How to Set Up Basic Availability Groups in SQL Server 2016
AlwaysOn Basic Availability Groups provide a high availability solution for SQL Server 2016 Standard Edition. This new functionality will replace database mirroring, which is a deprecated feature. Basic Availability Groups are managed and created in the same way like the traditional Enterprise AlwaysOn Availability Group, but there are more limitations which are almost equally when you should run Database Mirroring on a Standard Edition. With this blog post I want to show how easy it is to create a Basic Availability Group and what limitations you can expect.
The prerequisites are the same as for a traditional Enterprise AlwaysOn Availability Group. You still need to Create a Windows Failover Cluster and Enable AlwaysOn Availability Groups on each instance. More information can be found on Prerequisites, Restrictions, and Recommendations for AlwaysOn Availability Groups
Setup a New Basic Availability Group
You can still use the “New Availability Group Wizard” in the management studio to create your basic Availability Group. Of course, T-SQL and PowerShell can also be used.
Specify the name of the Availability that you want to create.
Please also note the new option “Database level Health Detection”. You can now configure AlwaysOn Availability Groups to failover when a database goes offline. This was not possible in previous editions of SQL Server.
Select the database that you want to add to the Availability Group. One of the limitations of Basic HA is that you’re only allowed to add 1 database per group. The wizard will return an error when you try to add more than 1 database into the group.
When you specify the replicas for your Availability Group, you will notice 2 other limitations:
- Limit of two replicas (primary and secondary). After you’ve added the secondary replica, the “Add Replica” button will automatically be disabled.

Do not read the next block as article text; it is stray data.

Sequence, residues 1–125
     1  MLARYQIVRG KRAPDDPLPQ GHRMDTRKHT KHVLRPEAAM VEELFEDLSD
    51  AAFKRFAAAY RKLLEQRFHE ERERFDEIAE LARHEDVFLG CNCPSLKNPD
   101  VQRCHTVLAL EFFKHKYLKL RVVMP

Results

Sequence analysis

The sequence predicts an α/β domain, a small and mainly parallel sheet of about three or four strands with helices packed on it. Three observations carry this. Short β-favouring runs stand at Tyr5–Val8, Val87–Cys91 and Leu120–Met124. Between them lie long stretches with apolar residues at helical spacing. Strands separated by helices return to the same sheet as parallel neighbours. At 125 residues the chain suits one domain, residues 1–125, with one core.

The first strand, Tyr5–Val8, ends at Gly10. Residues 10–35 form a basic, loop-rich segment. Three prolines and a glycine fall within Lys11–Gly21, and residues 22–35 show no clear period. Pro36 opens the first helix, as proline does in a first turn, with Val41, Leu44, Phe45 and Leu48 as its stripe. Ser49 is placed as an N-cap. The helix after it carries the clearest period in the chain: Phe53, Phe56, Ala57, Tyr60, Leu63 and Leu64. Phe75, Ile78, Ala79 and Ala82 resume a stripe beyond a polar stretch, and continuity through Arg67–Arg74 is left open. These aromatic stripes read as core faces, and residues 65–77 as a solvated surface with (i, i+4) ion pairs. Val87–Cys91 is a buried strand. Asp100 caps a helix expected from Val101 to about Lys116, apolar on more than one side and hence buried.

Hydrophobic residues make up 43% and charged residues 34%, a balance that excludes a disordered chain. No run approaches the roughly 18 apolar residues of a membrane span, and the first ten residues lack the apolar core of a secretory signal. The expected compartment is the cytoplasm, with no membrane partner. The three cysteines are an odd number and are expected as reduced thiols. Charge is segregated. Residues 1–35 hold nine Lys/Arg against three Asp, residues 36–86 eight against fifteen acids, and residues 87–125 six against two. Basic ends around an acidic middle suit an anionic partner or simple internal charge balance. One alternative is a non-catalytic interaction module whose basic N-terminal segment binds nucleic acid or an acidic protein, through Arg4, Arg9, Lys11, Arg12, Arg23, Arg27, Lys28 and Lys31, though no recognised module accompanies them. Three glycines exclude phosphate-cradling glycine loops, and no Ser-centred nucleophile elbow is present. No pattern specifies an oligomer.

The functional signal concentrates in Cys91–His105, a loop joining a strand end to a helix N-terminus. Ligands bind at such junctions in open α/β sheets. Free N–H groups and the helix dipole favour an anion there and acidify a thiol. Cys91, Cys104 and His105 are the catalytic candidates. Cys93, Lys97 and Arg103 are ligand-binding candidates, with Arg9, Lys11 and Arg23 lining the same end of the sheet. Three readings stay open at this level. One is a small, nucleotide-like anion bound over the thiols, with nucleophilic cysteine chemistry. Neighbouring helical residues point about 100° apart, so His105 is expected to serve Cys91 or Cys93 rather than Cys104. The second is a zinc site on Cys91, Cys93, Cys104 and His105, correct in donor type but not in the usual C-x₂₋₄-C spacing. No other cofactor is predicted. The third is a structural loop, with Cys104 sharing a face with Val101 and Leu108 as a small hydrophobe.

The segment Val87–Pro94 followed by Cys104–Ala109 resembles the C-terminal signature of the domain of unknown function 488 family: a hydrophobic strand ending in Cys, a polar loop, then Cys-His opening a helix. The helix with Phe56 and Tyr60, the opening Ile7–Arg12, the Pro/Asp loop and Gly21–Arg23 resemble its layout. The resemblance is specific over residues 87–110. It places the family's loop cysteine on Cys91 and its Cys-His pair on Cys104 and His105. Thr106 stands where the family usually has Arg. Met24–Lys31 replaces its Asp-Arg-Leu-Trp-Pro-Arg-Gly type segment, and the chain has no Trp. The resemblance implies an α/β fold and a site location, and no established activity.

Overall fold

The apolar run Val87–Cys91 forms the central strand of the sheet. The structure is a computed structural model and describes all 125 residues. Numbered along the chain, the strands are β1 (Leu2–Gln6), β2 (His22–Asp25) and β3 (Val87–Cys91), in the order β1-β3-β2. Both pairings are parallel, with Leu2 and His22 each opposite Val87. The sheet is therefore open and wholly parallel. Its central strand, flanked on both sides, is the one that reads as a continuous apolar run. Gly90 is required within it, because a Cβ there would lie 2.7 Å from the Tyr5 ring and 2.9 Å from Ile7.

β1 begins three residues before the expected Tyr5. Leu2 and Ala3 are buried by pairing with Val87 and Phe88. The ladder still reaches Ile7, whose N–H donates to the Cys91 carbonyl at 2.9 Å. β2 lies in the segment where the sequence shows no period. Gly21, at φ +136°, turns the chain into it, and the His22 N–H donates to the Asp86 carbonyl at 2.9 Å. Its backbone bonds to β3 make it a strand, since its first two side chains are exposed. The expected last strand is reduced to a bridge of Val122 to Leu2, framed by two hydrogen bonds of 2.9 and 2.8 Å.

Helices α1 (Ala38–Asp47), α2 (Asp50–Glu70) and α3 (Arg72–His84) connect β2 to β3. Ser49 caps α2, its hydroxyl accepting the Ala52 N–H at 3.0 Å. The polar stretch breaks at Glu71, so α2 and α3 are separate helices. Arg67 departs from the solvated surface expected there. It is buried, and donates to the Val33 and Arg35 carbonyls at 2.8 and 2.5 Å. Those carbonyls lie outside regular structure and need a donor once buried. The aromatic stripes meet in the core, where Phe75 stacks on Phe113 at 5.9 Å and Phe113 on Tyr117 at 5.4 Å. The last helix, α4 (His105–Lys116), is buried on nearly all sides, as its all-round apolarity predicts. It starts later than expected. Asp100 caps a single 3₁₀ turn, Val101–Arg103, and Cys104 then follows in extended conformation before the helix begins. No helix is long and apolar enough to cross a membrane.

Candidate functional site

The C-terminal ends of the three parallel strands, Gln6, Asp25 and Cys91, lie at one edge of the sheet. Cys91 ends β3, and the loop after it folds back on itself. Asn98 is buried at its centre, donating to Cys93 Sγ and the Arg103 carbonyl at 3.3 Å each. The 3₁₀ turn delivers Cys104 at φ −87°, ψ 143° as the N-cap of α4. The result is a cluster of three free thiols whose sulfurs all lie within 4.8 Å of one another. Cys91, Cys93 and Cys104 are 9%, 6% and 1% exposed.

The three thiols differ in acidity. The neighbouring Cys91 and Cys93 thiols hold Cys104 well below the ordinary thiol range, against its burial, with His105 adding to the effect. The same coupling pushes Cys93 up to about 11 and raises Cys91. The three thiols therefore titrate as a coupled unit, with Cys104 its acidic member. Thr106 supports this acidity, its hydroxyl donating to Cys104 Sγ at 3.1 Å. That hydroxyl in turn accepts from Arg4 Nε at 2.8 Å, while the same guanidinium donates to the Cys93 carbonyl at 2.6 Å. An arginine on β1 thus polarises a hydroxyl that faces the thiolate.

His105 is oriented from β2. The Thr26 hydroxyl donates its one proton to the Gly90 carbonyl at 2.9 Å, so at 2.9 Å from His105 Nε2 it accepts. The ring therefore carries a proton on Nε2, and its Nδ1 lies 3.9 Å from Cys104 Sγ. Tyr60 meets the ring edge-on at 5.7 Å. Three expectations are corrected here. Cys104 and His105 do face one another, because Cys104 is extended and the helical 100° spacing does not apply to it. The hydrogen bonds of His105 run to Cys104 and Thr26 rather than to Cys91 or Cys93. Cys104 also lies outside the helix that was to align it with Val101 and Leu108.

- No read access on secondary replica. The wizard only has the “No” option, so you can’t configure a readable secondary.
Please note that you can configure Synchronous or Asynchronous commit mode. This is a difference compared to database mirroring where you could only use synchronous commit mode in SQL Server Standard Edition. With Basic HA, we allow asynchronous commit mode, to be able to create your secondary replica in Azure. This allows you to create even a basic disaster recovery solution with SQL Server Standard Edition!
The endpoint configuration is still needed and there is no difference compared to the traditional Enterprise Availability Groups
Basic HA doesn’t allow you to use a readable secondary, which means that there are no backups possible on the secondary replica. You will notice that the Backup Preferences are completely disabled
Basic HA also supports the usage of an Availability Group Listener. Creating the listener is the same procedure as the traditional Enterprise listener. The Basic HA group is limited to 1 listener.
The next step is setting up the data synchronization between the 2 replicas. Again, there is no difference here between Standard and Enterprise Edition
With SQL Sever 2016, you could also use the new option Direct Seeding. This method will seed the secondary replica over the network. It does not require you to backup and restore a copy of the primary database on the replica. However, this is currently not available in the wizard but only with T-SQL.
After you finish the wizard, you have setup your first Basic HA Availability Group.